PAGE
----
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There is a special melody used for the Book of Esther : in London it is a cantillation system in the normal sense, while in New York and Amsterdam it is chant-like and does not depend on the Masoretic symbols. The books of Ruth, read on Shavuot , and Lamentations , read on the Ninth of Ab, have their own cantillation melodies as well.

There is no tradition of reading Ecclesiastes. Most Spanish and Portuguese communities have no tradition of liturgical reading of the Shir haShirim Song of Songs , unlike Ashkenazim who read it on Pesach and Oriental Sephardim who read it on Friday nights. However in the two weeks preceding Pesach a passage consisting of selected verses from that book is read each day at the end of the morning service.

The chant is similar but not identical to the chant for Shir haShirim in the Moroccan tradition, but does not exactly follow the printed cantillation marks. A similar chant is used for the prose parts of the book of Job on the Ninth of Ab. There is no cantillation mode for the books of Psalms , Proverbs and the poetic parts of Job. The chant for the Psalms in the Friday night service has some resemblance to the cantillation mode of the Oriental traditions, but is not dependent on the cantillation marks. Spanish and Portuguese Jewish.

Get Spanish and Portuguese Jewish essential facts below. View Videos or join the Spanish and Portuguese Jewish discussion. Western Sephardic Jews? City Synagogue or Community [49] Website Comments. Cork Portuguese congregation Founded either or , extinct by Madras Synagogue was demolished by the local government to make space for the construction of a municipal school.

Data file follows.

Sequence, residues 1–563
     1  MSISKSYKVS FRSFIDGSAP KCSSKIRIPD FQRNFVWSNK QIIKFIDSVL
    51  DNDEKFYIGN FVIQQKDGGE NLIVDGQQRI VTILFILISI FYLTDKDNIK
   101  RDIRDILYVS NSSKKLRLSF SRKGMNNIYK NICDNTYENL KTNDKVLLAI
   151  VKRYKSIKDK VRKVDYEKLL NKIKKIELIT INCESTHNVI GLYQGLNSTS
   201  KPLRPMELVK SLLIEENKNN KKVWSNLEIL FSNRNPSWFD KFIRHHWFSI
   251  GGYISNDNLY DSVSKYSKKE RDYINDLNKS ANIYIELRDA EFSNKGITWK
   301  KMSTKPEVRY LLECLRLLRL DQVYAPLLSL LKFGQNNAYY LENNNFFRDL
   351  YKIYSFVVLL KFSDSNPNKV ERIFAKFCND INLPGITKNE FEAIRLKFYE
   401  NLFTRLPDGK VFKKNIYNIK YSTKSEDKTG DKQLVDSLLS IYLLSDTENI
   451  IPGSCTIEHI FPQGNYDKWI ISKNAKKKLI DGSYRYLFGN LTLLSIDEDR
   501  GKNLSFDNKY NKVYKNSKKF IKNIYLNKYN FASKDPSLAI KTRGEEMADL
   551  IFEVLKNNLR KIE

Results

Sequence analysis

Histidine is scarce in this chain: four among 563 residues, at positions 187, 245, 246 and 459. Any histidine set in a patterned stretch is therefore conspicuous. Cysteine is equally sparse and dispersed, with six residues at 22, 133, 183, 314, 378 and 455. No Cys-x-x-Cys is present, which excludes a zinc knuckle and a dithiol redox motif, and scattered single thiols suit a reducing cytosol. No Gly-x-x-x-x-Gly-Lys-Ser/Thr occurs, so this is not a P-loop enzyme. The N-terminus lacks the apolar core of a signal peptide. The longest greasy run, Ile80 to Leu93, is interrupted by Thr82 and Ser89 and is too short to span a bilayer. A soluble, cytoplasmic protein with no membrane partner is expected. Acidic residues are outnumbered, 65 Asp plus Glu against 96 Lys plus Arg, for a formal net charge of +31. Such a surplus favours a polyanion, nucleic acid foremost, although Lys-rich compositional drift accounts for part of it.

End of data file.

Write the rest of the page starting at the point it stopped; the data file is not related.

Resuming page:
Jewish Cemetery Chennai remains the only memoir of the once significant Jewish population of Chennai [50] [51]. Closed down in because of political upheavals. Recife Kahal Zur Israel Synagogue to recently restored as museum and community centre. Escher Benjamin N. Frank R. The Brooklyn Rail. History of a Tragedy. Foundation for the Advancement of Sephardic Studies and Culture.

Jewish Virtual Library. London: Bloomsbury. In Gampel, Benjamin ed. Crisis and Creativity in the Sephardi World New York: Columbia University Press. New York: Oxford University Press. Olve Utne. Archived from the original on 6 September Retrieved CS1 maint: archived copy as title link. The Montefiore Endowment. The Jewish Quarterly Review. Mohr Siebeck. Subrahmanyam, Sanjay. Journal of the Economic and Social History of the Orient. On the other hand, s is often pronounced [? The use of [?

Coincidentally, "g" following a vowel is pronounced as the approximant consonant [] in modern Spanish but not in Portuguese. In both Ashkenazi and modern Hebrew, vocal shva is the indistinct vowel in French "le" and English "the" and sometimes disappears altogether. The book does not of course set out the tunes, but it names the songs that they were borrowed from. The term "High Tangamim" for the melody in question is borrowed from the ta'am 'elyon , for which it is used.

Many other Sephardic traditions use special melodies for these portions as well. However, the Spanish and Portuguese melody is different from most others. Italics mean community no longer exists. DT Next. The New Indian Express. The Paris Review. Summer-Fall Alfred A. The Times of Israel. Revised ed.

Kippur - Il giorno dellespiazione (Cooper Storie) (Italian Edition)
Kippur - Il giorno dellespiazione (Cooper Storie) (Italian Edition)
Kippur - Il giorno dellespiazione (Cooper Storie) (Italian Edition)
Kippur - Il giorno dellespiazione (Cooper Storie) (Italian Edition)
Kippur - Il giorno dellespiazione (Cooper Storie) (Italian Edition)
Kippur - Il giorno dellespiazione (Cooper Storie) (Italian Edition)
Kippur - Il giorno dellespiazione (Cooper Storie) (Italian Edition)
Kippur - Il giorno dellespiazione (Cooper Storie) (Italian Edition)